1 APRIL 1848, Page 4

'Life Vrobintes.

Mr. Quintin Dick, a Conservative and Protectionist, has defeated Mr. Houghton, a Free-trader and extensive farmer, in the contest for the repre- sentation of Aylesbury. At the close of the poll on Wednesday, the votes were 614 to 345.

Two candidates are competing for the representation of the Borough of the towns Bewdley and Stourport—Lord Mandeville and the Honourable Spencer Lyttelton. Lord Mandeville in his address says he has faith in our present institutions, but believes they may be adapted to changing times. Mr. Lyttelton declares for free trade and lighter pressure of taxa- tion on the poorer classes.

At a Chartist meeting in Salford, on Monday evening, there was some " strong " speechification. A young man named William Dixon urged his hearers to arm, and join Manchester in beginning the formation of a Na- tional Guard. Another speaker saw no means of avoiding a bloody revo- lution besides giving Repeal to the Irish and the Charter to England. A resolution was passed, that it is tyrannical to deny to Ireland the govern- ment which the great mass cf her people earnestly desire. Dixon then again rose, and said the time was come to break the law, and he was ready to begin. The Chairman, Richard Anderson, interposed, saying " There is enough moral power to gain what we seek "; but he was shouted down, with cries of " No, no; we must not trust longer to that." Dixon said, give him the musket, and he would soon have the vote. (Cries of "Nothing leas!" and great cheering.) A Chartist meeting was held in the market-place of Nottingham yester- day week. The chief speaker was a Dr. M'Douall, the unsuccessful can- didate for Carlisle, and, as the local news gave it at the time, the unsuc- cessful leader of revolution in Glasgow. His speech contains indications of communication and understanding with the Irish disturbers. With re- gard to the great demonstration proposed by the Chartists on the 10th of April, he said—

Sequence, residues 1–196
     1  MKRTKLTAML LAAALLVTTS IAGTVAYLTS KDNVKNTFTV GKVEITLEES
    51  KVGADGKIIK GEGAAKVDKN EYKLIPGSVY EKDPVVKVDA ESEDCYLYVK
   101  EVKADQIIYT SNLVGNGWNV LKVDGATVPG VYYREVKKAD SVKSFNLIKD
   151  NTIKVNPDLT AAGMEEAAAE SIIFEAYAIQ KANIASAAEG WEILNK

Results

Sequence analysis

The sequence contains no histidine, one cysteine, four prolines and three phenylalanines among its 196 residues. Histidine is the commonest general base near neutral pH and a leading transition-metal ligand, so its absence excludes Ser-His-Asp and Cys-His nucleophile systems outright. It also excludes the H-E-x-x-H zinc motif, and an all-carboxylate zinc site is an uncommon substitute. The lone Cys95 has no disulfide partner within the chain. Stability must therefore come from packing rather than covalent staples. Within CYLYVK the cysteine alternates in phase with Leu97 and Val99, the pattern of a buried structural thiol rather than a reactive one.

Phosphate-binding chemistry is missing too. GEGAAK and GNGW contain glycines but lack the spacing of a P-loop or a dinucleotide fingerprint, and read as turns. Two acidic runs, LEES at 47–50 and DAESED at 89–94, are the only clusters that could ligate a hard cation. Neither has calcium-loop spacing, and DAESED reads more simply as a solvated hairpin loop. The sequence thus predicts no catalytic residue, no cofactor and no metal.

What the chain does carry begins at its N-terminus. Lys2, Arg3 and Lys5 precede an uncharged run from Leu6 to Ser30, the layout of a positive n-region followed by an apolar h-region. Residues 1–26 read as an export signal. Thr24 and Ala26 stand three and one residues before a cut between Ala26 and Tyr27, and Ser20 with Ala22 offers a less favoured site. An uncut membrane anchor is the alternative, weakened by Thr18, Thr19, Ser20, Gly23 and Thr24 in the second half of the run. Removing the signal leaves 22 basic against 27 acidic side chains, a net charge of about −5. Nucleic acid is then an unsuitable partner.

Such was their organization that they could assemble all their forces in London in two hours. There was no law against a number of men from every city, town, and village in the empire, walking quietly to London- and with 500,000 men,

each carrying a gun-barrel, '

, what would Lord John Russell do? Thy people would wait a long time, but not for ever. If their just demands were refused them, their last resource might be a revolution. The proceedings finished with resolutions for the Charter, and with a torch-light procession through the main streets of Nottingham.

At the same place, on Tuesday, there was more of this heated talk. The Chartists met in large numbers to elect a delegate for the great Convention hi London in April. Mr. Jonathan Barber said it was now felt that

Royalty is a drag-chain, and must be got rid of: ere long it would be drives from the world— The day is at hand. He wouldn't tell them to fight--(" We know what us. mean!")—as he wouldn't get them into a serape; but they understood each other (Immense cheering.) Mr. Harrison said, eleven revolutions had happened since their last meet. ing. Before long they would obtain the Charter, or have a Republic in England. Mr. Sowter declared that this was the last petition from No tingham. (Shouts of " Bayonets next! ") Mr. George Julian Harney was chosen delegate.